Euronet's MoneyGram Bid May Squash Ant
Some New York traders got a delightful snow-day surprise Tuesday morning. MoneyGram International Inc. -- nearly seven weeks after agreeing to a mediocre takeover offer from China's Ant Financial -- just got a potentially showstopping rival proposal from Euronet Worldwide Inc.
Bidding wars aren't as common as they were before the global merger boom of the last couple years when U.S. stocks were cheaper. However, Ant Financial left the door wide open to one. Its $13.25-a-share all-cash offer was only 9 percent higher than MoneyGram's average closing price in the 20 trading sessions leading up to the Jan. 26 deal announcement. Investors had been expecting something higher and temporarily drove the stock above $15 when news of the transaction first leaked without details on price.
Investors that stuck around may get their $15 and then some. Euronet is offering $15.20 apiece, also entirely in cash. And because it's a U.S. company (based in Leawood, Kansas), buying Dallas-based MoneyGram wouldn't require approval from the obscure yet powerful Committee on Foreign Investment in the U.S., aka CFIUS, which investigates sensitive purchases by foreign acquirers. A sale to Ant, an affiliate of Jack Ma's Alibaba Group Holding Ltd., is subject to a CFIUS review -- and approval isn't a sure thing.
CFIUS has been expected to have a higher profile in President Donald Trump's administration, given his more nationalistic views and rhetoric about protecting American jobs. The Ant-MoneyGram deal in particular hits on touchy subjects for Trump: A Chinese suitor going after a business in a red state that's used by immigrants to wire back money to their homes in places such as Mexico.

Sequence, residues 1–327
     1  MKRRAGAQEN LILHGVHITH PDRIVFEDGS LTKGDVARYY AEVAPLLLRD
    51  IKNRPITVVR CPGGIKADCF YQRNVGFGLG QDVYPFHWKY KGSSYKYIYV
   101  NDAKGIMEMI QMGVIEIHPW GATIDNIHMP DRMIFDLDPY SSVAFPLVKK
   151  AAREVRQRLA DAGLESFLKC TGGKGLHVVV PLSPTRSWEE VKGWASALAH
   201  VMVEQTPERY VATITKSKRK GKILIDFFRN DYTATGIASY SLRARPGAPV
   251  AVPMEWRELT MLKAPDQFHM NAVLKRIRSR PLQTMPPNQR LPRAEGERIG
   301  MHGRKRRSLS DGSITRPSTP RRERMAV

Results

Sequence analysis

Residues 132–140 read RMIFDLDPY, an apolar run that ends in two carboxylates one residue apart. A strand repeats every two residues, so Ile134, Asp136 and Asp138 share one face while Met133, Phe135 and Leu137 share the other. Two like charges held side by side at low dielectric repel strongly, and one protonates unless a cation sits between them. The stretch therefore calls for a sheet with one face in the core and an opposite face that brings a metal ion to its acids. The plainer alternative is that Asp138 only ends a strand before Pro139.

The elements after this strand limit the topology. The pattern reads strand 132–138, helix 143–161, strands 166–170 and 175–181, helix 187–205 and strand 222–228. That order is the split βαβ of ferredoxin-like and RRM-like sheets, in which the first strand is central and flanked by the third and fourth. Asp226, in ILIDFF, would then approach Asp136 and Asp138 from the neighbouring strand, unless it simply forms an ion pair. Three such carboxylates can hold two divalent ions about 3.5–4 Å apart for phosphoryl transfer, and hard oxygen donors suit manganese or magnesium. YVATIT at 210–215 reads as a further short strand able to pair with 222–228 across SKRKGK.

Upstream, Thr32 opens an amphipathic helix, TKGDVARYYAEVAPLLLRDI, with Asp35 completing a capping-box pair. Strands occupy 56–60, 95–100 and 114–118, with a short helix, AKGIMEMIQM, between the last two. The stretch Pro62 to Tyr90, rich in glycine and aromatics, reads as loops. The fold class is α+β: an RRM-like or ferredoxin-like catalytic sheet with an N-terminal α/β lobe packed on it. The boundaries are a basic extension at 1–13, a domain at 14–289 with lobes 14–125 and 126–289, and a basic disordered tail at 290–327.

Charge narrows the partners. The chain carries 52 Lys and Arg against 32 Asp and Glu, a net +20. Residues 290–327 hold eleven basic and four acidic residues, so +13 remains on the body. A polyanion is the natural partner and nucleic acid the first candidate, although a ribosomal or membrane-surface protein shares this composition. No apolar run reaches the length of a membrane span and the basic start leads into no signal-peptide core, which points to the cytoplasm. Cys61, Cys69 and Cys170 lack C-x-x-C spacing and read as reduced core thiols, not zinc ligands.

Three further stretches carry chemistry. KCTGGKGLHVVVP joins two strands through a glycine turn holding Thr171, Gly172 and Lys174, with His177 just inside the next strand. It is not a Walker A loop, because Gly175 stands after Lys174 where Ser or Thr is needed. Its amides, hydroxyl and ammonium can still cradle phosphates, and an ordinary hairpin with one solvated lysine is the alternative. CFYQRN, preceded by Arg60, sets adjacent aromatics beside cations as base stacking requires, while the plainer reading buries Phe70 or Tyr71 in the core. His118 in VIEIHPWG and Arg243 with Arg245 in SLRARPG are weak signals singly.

In its favor, an Ant deal for MoneyGram could be seen as a springboard for helping Ma create the 1 million American new jobs he's talked about with Trump, but that argument may be moot at this point. While neither Ant nor MoneyGram has responded publicly yet to Euronet's bid, I wouldn't count on Ant matching. Traders buying MoneyGram shares at nearly $16 now may be getting ahead of themselves.
Ant would have to raise its offer 15 percent to potentially knock out Euronet. This seems unlikely as the target isn't as strategically important to Ant as it is to Euronet, which generated 41 percent of its revenue from money transfers last year. As a broader Chinese payments company, Ant is predominantly seeking a stake in the U.S. market, which it could get from a number of similar companies, such as VeriFone Systems Inc. and Green Dot Corp., which both surged Tuesday after DealReporter flagged them as alternative candidates for Ant. Western Union Co., which jumped 4 percent, could be in play, too.
Euronet is also so confident in its offer that it's included a $69 million termination fee payable to MoneyGram should it get blocked on antitrust grounds. That's about a quarter's worth of free cash flow for Euronet. If Ant's offer fails its CFIUS review, MoneyGram gets only $17.5 million. Keep in mind that should MoneyGram's board change its recommendation in favor of the Euronet proposal, the company has to pay Ant $30 million, which is about 57 cents a share.
Even then, Euronet's bid is far superior to Ant's. Time for Ant to march on.
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